SA's place in cyber security's 'superpower struggle'

South Africa is facing a very real cyber threat and it will impact the entire country and society as a whole – unless all stakeholders in the cyber security war get serious about security, the country finds leaders actively engaged in security and there is genuine concern for society in general.

This is according to Charl van der Walt, Chief Strategy Officer at SecureData SensePost (UK), who opened the ITWeb Security Summit 2019 in Johannesburg with a keynote address evaluating the digital security status of South Africa and real-world threats to society.

Van der Walt highlighted vulnerabilities with truth, the internet, people and national security.

"For us as a community it is time for us to step in and really realise how significant the threat is and take the responsibility seriously," he said.

In his overview of where South Africa stands from a cyber security point of view and how robust it is, compared to global counterparts, Van der Walt said the country has a deep pool of cyber security talent, but at the same time, the country has fallen victim to major breaches – including the Master Deeds breach.

He added that a discussion of South Africa's posture, it is important to remember that discussion over security tends to focus on likelihood – how often could it happen, how many machines or systems will be impacted – and not enough attention to the severity thereof.

"When we benchmark South Africa, it is very difficult to know whether we are better or worse than others... on the one hand we have a great pool of skill, talent, technical capability, but on the other hand clearly these big breaches can and do happen to us in ways that are very significant."

Van der Walt believes the notion of benchmarking and defining the country's technical level and where it fits is misleading.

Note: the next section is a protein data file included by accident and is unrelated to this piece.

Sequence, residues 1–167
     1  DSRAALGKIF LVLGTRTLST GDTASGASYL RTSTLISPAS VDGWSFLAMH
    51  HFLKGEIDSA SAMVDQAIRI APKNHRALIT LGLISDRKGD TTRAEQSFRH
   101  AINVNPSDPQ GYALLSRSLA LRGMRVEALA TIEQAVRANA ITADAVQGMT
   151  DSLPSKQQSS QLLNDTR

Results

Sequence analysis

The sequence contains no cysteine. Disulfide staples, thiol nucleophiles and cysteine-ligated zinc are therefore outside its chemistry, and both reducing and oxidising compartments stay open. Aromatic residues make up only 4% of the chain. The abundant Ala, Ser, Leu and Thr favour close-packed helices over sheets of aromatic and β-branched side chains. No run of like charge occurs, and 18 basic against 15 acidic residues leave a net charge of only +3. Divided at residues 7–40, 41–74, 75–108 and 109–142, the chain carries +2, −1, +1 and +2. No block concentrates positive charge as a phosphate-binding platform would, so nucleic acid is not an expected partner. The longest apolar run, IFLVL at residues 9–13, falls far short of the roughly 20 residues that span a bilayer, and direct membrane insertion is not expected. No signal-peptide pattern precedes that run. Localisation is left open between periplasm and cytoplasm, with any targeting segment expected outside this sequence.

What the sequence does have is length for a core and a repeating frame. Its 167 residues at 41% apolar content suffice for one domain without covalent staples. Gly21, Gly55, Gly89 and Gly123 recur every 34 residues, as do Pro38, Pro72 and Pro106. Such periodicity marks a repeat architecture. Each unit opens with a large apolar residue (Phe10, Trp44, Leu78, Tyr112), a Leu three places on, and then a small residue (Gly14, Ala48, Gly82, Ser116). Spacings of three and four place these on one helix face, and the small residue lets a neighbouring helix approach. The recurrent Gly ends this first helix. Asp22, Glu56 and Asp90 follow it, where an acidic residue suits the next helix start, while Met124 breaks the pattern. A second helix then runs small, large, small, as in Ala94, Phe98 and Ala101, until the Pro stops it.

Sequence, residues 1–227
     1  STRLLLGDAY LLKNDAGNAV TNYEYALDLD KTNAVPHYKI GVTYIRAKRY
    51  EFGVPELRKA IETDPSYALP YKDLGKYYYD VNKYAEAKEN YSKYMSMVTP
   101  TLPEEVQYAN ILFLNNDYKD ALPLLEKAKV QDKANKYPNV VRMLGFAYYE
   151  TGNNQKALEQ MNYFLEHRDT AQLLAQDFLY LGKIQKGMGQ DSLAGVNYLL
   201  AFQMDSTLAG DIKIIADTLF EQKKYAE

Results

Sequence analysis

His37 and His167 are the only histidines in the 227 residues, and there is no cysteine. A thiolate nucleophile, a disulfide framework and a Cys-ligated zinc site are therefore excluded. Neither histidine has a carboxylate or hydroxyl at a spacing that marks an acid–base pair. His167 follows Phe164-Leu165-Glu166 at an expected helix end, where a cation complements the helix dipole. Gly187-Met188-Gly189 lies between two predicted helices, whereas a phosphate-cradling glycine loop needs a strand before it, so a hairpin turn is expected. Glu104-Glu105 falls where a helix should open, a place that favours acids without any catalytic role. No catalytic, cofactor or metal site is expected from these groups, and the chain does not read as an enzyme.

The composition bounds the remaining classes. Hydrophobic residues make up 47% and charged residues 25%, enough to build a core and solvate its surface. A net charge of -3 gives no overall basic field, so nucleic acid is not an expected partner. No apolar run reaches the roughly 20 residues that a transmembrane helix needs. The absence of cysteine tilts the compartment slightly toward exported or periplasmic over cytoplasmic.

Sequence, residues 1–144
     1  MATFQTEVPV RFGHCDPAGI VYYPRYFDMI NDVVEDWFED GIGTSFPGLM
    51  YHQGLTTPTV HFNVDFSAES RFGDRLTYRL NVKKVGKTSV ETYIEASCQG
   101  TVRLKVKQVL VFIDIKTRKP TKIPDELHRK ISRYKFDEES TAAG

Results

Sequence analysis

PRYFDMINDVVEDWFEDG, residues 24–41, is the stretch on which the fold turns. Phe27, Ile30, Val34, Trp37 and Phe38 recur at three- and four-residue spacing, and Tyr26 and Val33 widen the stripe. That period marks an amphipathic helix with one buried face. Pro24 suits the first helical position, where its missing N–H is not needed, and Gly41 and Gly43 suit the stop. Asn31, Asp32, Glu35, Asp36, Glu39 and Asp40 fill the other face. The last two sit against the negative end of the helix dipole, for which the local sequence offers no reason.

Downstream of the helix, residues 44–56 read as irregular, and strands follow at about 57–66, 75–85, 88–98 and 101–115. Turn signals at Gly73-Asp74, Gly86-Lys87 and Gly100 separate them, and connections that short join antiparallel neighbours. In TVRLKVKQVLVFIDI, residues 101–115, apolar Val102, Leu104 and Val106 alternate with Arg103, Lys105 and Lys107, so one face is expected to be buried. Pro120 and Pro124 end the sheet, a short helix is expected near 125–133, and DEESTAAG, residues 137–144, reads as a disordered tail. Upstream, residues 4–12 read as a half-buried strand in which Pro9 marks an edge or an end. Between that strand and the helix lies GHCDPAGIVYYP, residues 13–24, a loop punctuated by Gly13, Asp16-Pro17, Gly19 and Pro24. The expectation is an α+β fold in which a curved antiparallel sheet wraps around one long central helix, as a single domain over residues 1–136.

"To illustrate, let me talk to you today about the idea that risk has a knock-on effect. That because systems are so complexly connected with each other, when something goes wrong in one place, it has a knock-on effect in other places. It makes the impact of the systemic failure much more significant than what would perhaps be perceived," he said.

Van der Walt said the 2007 global financial crisis is a classic example, and stressed that security is a necessary condition for economic development.

He referenced research conducted by the Cambridge Centre for Risk Studies which examined the interconnectedness of IT systems, which found that these systems have similar characteristics to financial systems.

"They are very prone to high levels of debt when you underinvest, they are highly interconnected, and they are also vulnerable to the sense of panic ... people losing faith in the system and abandoning it wholesale," Van der Walt added.

The researchers modelled out the potential impact of a timely and severe breach, and discovered that in the worse-case scenario, the estimated impact on the global economy over a five-year period could be as much as US$15-trillon.

Van der Walt believes South Africa is behind on skills development, a sound policy framework, among other factors, and the net effect is that the country is sliding further backwards.

"The threat is very real, if we don't get security right, then other things won't come right," he added.